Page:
Popular Bitcoin (BTC) contributor “Cobra” has dismissed Craig Wright’s calls for Bitcoin.org and Bitcoincore.org to stop hosting the Bitcoin white paper. CSW has a history of taking legal action against notable figures in the Bitcoin space who dismiss his claims of being Satoshi.
Bitcoin.org Unbothered as CSW Waves the Lawsuit Hammer Once Again
Craig S. Wright (CSW), who claims to be the Bitcoin (BTC) creator Satoshi Nakamoto, is once again threatening legal action while claiming ownership of everything Bitcoin-related. This time, the Australian computer scientist via his lawyers ordered two websites to cease displaying the Bitcoin whitepaper.
Responding to the threats, Cobra issued a blog on the Bitcoin.org website on Thursday (Jan. 21, 2021), saying:
“The Bitcoin whitepaper was included in the original Bitcoin project files with the project clearly published under the MIT license by Satoshi Nakamoto. We believe there is no doubt we have the legal right to host the Bitcoin whitepaper. Furthermore, Satoshi Nakamoto has a known PGP public key, therefore it is cryptographically possible for someone to verify themselves to be Satoshi Nakamoto. Unfortunately, Craig has been unable to do this. We will continue hosting the Bitcoin whitepaper and won’t be silenced or intimidated. Others hosting the whitepaper should follow our lead in resisting these false allegations.”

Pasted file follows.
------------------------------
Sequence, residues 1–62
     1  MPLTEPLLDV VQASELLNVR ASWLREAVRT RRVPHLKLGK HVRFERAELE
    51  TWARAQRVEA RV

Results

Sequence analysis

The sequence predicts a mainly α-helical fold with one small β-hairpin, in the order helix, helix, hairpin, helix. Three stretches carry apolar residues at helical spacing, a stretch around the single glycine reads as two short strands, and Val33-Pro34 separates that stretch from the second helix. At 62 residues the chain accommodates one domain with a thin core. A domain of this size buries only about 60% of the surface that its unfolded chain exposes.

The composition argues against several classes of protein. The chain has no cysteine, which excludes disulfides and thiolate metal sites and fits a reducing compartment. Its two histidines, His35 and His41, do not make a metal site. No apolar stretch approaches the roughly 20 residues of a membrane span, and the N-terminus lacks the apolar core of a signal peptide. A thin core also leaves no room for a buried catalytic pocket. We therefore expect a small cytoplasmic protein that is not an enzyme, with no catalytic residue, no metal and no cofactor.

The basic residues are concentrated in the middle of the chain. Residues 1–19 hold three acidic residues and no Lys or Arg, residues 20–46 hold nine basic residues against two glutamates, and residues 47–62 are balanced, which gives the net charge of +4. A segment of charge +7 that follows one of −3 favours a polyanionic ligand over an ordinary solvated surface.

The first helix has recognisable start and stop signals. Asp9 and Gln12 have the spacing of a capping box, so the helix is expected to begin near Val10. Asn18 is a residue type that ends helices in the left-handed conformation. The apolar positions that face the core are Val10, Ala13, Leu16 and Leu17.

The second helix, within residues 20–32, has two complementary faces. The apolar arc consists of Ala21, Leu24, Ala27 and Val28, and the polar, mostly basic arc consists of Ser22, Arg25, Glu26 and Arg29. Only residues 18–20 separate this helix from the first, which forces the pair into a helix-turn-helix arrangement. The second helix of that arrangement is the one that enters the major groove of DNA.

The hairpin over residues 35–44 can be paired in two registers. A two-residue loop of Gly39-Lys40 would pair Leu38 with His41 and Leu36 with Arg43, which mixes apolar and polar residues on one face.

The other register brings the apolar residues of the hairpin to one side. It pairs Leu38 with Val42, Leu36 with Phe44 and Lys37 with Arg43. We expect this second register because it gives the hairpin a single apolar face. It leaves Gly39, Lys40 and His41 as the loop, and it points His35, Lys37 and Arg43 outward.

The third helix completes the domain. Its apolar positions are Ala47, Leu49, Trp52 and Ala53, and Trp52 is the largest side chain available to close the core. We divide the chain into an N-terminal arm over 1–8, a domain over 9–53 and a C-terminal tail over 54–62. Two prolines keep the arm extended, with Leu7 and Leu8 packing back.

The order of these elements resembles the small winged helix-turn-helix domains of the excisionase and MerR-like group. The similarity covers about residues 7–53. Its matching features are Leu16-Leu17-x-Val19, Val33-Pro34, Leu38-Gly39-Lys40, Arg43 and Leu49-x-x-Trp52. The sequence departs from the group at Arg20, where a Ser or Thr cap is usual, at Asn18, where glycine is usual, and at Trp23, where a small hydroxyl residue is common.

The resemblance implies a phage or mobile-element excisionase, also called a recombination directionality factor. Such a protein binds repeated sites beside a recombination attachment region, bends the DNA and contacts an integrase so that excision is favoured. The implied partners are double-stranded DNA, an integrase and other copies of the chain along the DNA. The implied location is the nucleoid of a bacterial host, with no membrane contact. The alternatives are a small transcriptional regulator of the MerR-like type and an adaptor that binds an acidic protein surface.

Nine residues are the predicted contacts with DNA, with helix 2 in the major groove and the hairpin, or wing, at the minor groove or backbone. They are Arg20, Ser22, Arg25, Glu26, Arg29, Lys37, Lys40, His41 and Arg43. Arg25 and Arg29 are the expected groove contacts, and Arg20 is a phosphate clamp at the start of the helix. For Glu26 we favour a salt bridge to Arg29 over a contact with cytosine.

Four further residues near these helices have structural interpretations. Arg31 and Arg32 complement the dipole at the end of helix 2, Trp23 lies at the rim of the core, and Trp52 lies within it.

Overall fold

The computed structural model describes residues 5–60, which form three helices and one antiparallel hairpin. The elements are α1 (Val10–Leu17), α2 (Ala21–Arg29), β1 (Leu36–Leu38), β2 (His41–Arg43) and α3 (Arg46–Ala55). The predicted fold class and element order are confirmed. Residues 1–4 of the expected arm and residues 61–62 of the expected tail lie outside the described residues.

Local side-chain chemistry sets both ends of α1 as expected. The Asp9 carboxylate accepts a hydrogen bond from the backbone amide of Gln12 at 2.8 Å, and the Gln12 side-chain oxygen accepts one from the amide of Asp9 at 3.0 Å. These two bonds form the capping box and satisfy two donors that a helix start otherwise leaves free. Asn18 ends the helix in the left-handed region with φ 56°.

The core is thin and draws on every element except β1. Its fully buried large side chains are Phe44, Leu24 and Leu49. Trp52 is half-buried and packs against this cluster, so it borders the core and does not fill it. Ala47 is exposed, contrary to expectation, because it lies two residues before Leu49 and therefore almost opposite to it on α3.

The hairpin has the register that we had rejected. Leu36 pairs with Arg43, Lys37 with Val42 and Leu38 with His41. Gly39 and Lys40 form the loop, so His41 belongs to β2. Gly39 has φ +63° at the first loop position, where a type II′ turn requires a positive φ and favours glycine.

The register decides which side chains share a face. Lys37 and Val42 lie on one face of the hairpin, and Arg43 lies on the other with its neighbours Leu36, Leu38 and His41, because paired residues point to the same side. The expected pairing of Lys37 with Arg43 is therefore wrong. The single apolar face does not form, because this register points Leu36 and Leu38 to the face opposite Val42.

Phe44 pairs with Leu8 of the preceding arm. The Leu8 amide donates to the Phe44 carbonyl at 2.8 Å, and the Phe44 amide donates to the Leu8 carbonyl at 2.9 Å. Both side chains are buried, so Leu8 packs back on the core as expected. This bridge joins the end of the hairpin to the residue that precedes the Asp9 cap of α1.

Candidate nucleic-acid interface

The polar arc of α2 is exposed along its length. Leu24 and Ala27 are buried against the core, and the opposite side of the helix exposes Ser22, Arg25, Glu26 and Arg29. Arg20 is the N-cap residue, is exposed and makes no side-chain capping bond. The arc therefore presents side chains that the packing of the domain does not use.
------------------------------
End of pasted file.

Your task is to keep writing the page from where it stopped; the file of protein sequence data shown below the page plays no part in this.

Cobra also expressed displeasure at Bitcoincore.org for caving to CSW’s threats stating that such an action could lend significant credence to Wright’s claims of being Satoshi. Indeed, despite assurances to the contrary, Bitcoincore.org deleted its local copy of the Bitcoin whitepaper on its website.
A cross-section of the Bitcoin and crypto space also responded to CSW’s threats stating that they would host the whitepaper on their respective platforms.
As previously reported by, Wright filled a copyright claim for the Bitcoin whitepaper back in May 2019. At the time, the nChain chief scientist infamously dubbed “Faketoshi” by many in the industry threatened to use his copyright application as a tool for further enforcement action against those in dispute of his claims of being the BTC creator.
In February 2020, CSW also went on a crypto and blockchain patent application spree with plans to acquire 6,000 ownership rights over several aspects of the industry. Wright also stated that he would use those patents to put a stop to “splits, forks, and altcoin scams.”
In May 2020, an early Bitcoin miner signed a cryptographic message with addresses claimed by Wright to call CSW a liar and a fraud. Wright is also the subject of a long-running legal battle involving the Tulip Trust and the ownership of over 1.1 million BTC currently worth about $35.2 billion.